Wednesday, July 23, 2014

A Food Story. By Linda

A funny food story from the American Library Association Conference in Las Vegas, NV. 
June 29, 2014.

I went out to eat with some people while at the Annual Conference.  One of my co-workers, Steve, was sitting next to me on my right, and there were about 8 others that I didn’t really know.
We ate at Buddy V’s Ristorante. Apparently Buddy is the Cake Boss from TV, but it was a nice Italian Restaurant and the line for the bakery across the way at the Venetian was HUGE.  Luckily, the restaurant didn’t have huge long lines.  

We perused the menu a while.  It was short, so that was nice.  But I really didn’t know exactly what to get!  It all sounded good.  Steve and I decided we could split an appetizer of eggplant. That sounded good.  They brought us three slices and I had one, he had two.  Seemed fair.  Then when it came time to order, he opted for the shrimp scampi or something and mine was meatballs and pasta.  It was a “Family favorite” or specialty or family SOMEthing.  I don’t think it was “Family Style”, but it did mention three meats, like lamb and sausage and meatballs. But I figured that the meatballs had three kinds of meat. That’s normal.  And I decided I wanted a vegetable, too.  So I ordered some brocoletti or broccolini  or something close to broccoli.  

I also had a discussion with the fellow to my left who (probably appalled by my choice of meats for dinner) was a vegetarian.  I suggested that he ask for the appetizer eggplant to be made into an entrée for him, as it was really good eggplant parmesan.  So that’s what he ordered.  They just doubled the appetizer size and he got six slices.  “Oh,” he said (he was a very slight man) “I’ll never be able to eat all this!”  And, true to his word, he ate only three and left the others untouched.  He offered me them, as he noted that I’d called it the “best eggplant parmesan I’ve ever eaten.”  I declined at the time.  [ I don’t know that I’ve ever eaten eggplant parmesan before, actually. ]

Well, they brought out all the food for everyone about the same time.  Steve’s shrimp dish was a nice big bowl of pasta and stuff.  And most everyone else had A bowl of something similar.  But *I* was served a large bowl of large pasta with sauce. Oh my. Huge serving.  THEN, the meatballs were actually meatballs (3, I think) AND lamb (2 chunks) AND sausage link (cut up into 3 pieces).  It was in a cast iron oblong skillet thing ON a serving plate. The guy next to me had to re-arrange table settings and glassware to make room for it. THEN the waiter tried to put the vegetable on the table, and the people ACROSS from me had to move THEIR stuff to make room for it.  

I was so embarrassed.  There was everyone else with one dish of food in front of them, and there I sat with THREE LARGE PLATES OF FOOD.  I could have crawled under the table.  I offered Steve a meatball. He took one.  I offered others.  They declined (I didn’t offer the vegetarian to my left any meat). I offered the green vegetable around. No one had vegetables!  Yet, they all declined.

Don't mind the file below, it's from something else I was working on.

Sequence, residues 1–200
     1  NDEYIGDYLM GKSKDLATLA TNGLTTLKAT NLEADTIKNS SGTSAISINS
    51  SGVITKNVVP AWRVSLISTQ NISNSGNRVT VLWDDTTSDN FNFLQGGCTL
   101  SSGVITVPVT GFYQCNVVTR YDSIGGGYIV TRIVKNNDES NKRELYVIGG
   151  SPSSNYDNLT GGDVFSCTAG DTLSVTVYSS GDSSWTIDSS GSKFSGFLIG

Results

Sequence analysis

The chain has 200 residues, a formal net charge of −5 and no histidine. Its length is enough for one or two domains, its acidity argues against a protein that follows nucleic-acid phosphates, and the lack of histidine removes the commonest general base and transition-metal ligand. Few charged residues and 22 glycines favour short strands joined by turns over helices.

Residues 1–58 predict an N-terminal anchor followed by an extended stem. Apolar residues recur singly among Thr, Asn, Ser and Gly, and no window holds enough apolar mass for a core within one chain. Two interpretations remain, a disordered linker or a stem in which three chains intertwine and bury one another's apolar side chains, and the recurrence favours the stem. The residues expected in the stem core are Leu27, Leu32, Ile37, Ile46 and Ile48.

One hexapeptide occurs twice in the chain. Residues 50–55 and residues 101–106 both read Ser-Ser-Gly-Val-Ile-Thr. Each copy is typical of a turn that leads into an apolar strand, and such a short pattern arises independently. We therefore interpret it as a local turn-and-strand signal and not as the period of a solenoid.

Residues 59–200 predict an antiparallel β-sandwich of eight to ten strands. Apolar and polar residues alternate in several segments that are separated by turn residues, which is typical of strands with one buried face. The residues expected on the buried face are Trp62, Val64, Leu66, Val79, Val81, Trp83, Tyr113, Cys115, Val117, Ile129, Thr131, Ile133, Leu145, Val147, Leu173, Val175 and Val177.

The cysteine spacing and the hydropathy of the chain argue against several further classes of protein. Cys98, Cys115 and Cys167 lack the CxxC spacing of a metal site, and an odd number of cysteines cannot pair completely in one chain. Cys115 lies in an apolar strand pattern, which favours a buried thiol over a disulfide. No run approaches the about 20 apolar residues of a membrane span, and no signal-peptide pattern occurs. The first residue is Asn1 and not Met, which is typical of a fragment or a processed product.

So the feast began.  I made a stab at it.  I made a dent, but I knew I was going to be taking it home. I was leaving for home right after dinner, going to my air-conditioned car and could put it right in the fridge. It would be enjoyed the next day for lunch and I have no qualms about asking for a box.  And, since the fellow on my left AGAIN offered me his un-touched eggplant, I took him up on it and thanked him very much.

When the waiter came and was taking away our food, etc. I asked if I could please have a box so I could take home my leftovers. He said he’d be happy to take it and box it up FOR me.  “Thanks! And I’m taking his eggplant, too,” I said, pointing to the food and person to my left.

“Oh!” said the waiter. “Did you ASK HIM first?”   


“Do you need them in separate containers?”

“No. You can put them together. That will be fine, thank you.”

“Well, Okay, then! I’ll be right back that that.”

He soon returned with my prettily-wrapped-up leftovers and started in on the rest of the table.  Then he checked with Steve, who still had a lot of food in front of him, and asked him if he was going to be taking any of his food home with him.  And Steve said “No, thank you.” [Steve and his friend were leaving for France the next morning on vacation.So then the waiter looks at me and says, “Will YOU be taking his, too,  Ma’am?”
Oh, I just laughed and said, “No. He ate all the shrimp!” 
Going on around the table, the waiter comes to the couple across from me and Steve.  Again, lots of left-over food.  They were not taking it. So the waiter AGAIN asks ME if I want to take it, too!
Seriously, I was laughing so hard.  It’s a good thing I have a good sense of humor. It was funny. 

Maybe I should have taken all their food. I wouldn’t have had to cook for a week or more.  As it was, I had some of mine for lunch the next day and I fed Mike the rest at dinner.  Granted, they were not huge portions by then, but it was more than adequate.
And, yes. I DO hate to waste food.  My waist attests to that fact. And now I have the reputation that proves that fact. Ha.  I wondered how much they talked about me when I left before dessert was even ordered! I had a long drive home and it was almost 9 pm before I got to my car, and I’d forgotten about losing an hour.

Here's the menu.  I had "Valastro Sunday Gravy" on page 2, highlighted in the box.  And Broccolini.  It all seemed so innocent at the time.

Lesson learned: Read menus more carefully and ask the waiter for ALL the leftover boxes to go home-- with ME!!


1 comment:

Donna said...

Lol, that's hilarious! Reminds me of a burrito in Vegas ;)